With that said, let’s tell you what you should do.
- NEVER WALK RIGHT UP TO A STRANGE DOG. Like us, dogs are the sum of their experiences. If they have been abused by strangers in the past, your direct and uninvited approach could put them in a fearful aggressive stance. This could cause them to respond with a nip or bite.
- ALWAYS ASK IF YOU CAN INTERACT WITH A DOG. The dog’s owner is the best “human” to determine if their dog is ready for a “meet and greet”. Calmly stand about six to ten feet away and politely ask if you can pet the owner’s dog. If the owner says no, don’t try to argue or negotiate. If you try to approach after the owner’s refusal, the owner’s pensive body language will trigger his dog that something is wrong. This could lead to a nip or bite.
- ALLOW THE DOG TO APPROACH YOU. Even if everything looks great and the owner said it was fine to meet his dog, nobody has asked the dog. Have the owner slowly approach you with his dog on the leash. If the dog feels pensive or afraid, his body language will instantly show that. His ears will be down, his tail will be tucked, you may see his mouth tightly closed with the slight visibility of teeth. He may be pulling away on the leash, quietly growling, or excitedly jumping. All these things are telling you that the dog “does not want to accept visitors today”. If that is the case, this meet and greet is not a good idea.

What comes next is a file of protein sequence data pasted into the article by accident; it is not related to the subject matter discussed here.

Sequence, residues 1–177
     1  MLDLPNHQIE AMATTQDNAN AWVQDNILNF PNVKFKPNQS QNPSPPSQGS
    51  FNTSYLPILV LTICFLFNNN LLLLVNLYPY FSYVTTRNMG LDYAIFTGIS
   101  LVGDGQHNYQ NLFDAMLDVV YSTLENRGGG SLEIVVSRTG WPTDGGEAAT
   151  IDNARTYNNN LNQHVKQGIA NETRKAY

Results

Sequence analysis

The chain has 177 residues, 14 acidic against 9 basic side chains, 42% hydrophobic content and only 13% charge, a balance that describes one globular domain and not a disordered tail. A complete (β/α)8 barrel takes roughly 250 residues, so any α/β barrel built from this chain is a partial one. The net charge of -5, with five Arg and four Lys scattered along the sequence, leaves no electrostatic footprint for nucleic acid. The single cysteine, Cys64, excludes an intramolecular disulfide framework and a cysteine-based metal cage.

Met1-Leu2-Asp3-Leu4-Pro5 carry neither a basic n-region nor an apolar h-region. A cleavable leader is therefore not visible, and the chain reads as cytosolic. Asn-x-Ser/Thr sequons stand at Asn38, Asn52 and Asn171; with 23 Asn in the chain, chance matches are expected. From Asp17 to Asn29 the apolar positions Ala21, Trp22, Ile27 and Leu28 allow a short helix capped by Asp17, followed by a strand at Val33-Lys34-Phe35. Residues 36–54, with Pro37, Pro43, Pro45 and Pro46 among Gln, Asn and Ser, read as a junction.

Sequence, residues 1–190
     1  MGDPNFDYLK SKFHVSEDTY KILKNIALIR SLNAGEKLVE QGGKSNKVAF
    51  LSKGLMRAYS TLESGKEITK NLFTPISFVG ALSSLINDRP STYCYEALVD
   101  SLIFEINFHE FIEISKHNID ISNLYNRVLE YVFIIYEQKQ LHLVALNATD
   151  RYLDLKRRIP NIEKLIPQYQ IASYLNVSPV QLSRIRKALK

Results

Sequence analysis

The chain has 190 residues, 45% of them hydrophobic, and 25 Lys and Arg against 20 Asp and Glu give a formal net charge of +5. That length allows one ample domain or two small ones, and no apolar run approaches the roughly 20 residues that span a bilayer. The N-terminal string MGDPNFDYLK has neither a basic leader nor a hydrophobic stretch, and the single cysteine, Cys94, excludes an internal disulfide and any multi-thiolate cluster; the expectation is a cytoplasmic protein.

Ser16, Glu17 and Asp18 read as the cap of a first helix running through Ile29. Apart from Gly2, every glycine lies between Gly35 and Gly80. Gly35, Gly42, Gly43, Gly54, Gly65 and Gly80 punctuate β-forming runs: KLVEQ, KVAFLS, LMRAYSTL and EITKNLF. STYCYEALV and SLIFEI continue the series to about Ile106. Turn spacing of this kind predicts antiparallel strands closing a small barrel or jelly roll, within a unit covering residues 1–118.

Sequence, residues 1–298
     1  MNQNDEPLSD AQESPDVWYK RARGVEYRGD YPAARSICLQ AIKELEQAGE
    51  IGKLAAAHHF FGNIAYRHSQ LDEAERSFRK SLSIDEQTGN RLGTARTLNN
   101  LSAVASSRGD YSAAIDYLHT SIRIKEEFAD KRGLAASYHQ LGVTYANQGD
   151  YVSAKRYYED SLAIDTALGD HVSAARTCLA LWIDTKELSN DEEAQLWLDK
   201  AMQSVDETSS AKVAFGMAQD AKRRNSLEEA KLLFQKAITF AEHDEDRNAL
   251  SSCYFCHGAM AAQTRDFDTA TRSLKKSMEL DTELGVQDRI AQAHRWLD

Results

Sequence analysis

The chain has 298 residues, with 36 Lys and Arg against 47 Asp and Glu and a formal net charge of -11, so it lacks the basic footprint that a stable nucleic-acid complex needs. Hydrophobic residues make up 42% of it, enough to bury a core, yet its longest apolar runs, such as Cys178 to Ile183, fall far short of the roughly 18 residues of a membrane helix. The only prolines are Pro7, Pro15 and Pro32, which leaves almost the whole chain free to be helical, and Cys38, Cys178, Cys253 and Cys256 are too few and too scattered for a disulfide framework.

- BE ASSURED BUT NOT FORCEFUL. Dogs are fine if you show a dominant posture. This simply means that you are confident, firm, and consistent. They respect these qualities. It is the same posture that our teachers portrayed to us. When the dog comes up to you, stand tall and calm. Keep your hands by your side and do not reach out or bend over the dog. This allows the dog to “size you up” when he is “up close” and allows you to see if there is any signs of changes in the dog’s demeanor.